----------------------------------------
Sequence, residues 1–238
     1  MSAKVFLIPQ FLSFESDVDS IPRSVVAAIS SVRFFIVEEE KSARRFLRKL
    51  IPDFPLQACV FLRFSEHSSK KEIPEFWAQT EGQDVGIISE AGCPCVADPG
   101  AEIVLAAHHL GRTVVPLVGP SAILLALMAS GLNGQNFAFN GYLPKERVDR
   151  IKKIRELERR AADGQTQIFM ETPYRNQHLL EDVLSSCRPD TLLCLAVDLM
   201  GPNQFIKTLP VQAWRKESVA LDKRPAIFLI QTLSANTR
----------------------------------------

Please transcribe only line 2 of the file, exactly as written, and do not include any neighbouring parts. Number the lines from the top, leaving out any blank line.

     1  MSAKVFLIPQ FLSFESDVDS IPRSVVAAIS SVRFFIVEEE KSARRFLRKL